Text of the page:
05 October 2006

Business devices as consumer electronics

I love my Mac. Using it, and reading about BlackBerry's new consumer handset, has got me thinking about the differences between business and consumer electronics, the closing gap between the two, and the interesting consequences for the way we use them.

If BlackBerry can succesfully create and market a consumer device with the purpose of giving you push email and the web on the move, then it means one thing: consumers want access to their email all the time. Even down the pub on a Friday night. So what's wrong with phone calls? Well, nothing, but there are several reasons for email and the web on the go; it's cool (honestly - that's a big factor for the sort of people who'd buy one), the world's growing smaller but timezones aren't (it's easier to email someone in New Zealand than call them) and attention spans are getting shorter. Waiting for someone to get to the pub? Now, rather than eyeing up the barmaid, you can fire off a couple of quick emails, organise the next night out, maybe even keep ahead at work. Blog a bit. Shop online.

So what are the consequences for business? They're two-fold. Firstly, it means small businesses can get hold of business tools for lower, consumer prices, and for phones on cheaper, consumer tariffs which still fulfil our needs. Often we have to sacrifice some functionality or benefit - in the case of the BlackBerry, it's ruggedness and keyboard size. But for a small business that's fine - and it can kill two birds with one stone because our business tools become something we're not ashamed to be seen with out and about.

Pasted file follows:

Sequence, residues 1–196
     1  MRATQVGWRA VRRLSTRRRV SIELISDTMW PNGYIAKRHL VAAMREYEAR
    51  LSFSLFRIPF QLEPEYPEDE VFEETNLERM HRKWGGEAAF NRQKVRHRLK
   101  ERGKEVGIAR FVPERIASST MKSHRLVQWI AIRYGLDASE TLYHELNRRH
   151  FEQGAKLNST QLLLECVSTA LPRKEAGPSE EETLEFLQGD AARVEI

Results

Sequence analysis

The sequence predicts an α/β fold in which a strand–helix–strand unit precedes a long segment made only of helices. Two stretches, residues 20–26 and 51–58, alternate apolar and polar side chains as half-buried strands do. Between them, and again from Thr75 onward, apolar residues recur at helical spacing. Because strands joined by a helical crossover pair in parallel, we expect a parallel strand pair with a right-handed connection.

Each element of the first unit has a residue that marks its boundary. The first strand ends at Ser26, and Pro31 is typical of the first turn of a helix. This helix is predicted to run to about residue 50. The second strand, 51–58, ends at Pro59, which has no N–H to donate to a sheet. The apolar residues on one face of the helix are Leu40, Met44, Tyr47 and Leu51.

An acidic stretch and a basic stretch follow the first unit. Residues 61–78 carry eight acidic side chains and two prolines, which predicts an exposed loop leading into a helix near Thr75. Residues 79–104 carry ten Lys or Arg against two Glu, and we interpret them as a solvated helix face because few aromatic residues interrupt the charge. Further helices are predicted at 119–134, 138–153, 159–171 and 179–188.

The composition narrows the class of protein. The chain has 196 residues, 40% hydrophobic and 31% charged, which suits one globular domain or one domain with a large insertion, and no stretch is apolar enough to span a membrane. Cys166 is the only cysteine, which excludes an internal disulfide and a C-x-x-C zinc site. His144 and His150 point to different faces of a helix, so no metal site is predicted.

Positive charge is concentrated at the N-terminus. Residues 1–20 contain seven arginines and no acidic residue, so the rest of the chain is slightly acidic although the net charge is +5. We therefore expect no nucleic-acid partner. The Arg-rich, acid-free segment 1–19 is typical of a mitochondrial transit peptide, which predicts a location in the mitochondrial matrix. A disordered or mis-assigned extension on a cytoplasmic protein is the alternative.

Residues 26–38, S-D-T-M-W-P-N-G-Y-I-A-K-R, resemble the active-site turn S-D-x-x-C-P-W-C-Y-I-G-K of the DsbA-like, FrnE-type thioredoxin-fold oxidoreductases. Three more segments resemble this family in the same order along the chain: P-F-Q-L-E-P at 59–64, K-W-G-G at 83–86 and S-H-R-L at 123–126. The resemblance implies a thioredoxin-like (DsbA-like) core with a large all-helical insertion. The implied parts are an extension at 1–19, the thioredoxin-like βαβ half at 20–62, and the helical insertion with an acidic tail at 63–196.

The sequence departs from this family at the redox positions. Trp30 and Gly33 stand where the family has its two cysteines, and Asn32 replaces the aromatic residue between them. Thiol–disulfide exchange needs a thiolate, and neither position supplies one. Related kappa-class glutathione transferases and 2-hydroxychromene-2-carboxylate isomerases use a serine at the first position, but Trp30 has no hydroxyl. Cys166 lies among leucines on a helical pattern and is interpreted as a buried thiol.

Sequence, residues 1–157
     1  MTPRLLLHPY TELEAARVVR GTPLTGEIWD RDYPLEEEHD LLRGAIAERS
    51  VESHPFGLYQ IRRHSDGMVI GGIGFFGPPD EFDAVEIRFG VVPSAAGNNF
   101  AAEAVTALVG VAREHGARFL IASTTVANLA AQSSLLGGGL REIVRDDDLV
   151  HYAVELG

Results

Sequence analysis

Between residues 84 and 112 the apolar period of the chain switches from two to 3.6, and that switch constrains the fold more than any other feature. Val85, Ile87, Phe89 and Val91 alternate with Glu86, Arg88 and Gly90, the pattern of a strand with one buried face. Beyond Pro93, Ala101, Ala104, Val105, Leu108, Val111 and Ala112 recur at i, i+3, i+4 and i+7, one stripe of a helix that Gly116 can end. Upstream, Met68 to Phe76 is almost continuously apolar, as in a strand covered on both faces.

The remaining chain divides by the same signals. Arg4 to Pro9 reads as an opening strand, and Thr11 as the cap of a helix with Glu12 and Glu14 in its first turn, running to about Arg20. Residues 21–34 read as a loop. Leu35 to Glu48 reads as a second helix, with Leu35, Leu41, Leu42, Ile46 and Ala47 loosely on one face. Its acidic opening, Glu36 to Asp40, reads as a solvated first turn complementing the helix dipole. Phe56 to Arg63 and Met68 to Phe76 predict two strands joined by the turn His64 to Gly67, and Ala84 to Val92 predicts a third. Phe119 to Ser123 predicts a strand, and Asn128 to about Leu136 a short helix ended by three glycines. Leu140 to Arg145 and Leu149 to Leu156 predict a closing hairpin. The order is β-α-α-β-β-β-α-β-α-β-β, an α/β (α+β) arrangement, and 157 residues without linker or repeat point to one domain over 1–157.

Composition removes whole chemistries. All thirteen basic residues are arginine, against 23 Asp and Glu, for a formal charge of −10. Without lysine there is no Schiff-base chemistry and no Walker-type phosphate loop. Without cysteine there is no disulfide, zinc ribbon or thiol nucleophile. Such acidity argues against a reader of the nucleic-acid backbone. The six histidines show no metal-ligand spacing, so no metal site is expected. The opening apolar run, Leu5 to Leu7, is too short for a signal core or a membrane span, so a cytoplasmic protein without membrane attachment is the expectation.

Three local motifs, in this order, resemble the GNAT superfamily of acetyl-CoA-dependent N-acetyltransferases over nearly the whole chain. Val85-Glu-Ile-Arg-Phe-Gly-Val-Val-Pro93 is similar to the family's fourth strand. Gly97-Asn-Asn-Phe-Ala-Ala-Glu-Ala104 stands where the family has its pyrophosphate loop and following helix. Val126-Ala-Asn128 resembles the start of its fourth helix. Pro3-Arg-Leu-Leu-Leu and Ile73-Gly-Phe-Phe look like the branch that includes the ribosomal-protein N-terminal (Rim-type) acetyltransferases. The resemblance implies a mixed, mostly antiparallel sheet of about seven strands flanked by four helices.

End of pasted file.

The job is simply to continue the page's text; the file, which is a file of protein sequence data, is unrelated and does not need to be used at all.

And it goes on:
Secondly, it means people are using our websites and services in new ways. At different times, on different devices, and with different restrictions. Site "stickiness" changes when we come to using a mobile or small screen; before, it was a comprimise between giving people what they were looking for and pointing them to other things to browse to that they *didn't know* they were looking for. On a mobile, though, people don't want to browse for ages. It's about giving them what they want quickly but - after the transaction is complete - encouraging them to return. Doing a site variant for the mobile web is less and less about just fitting it on a small monochrome screen - it's about changing the whole navigational system and user experience.

No comments: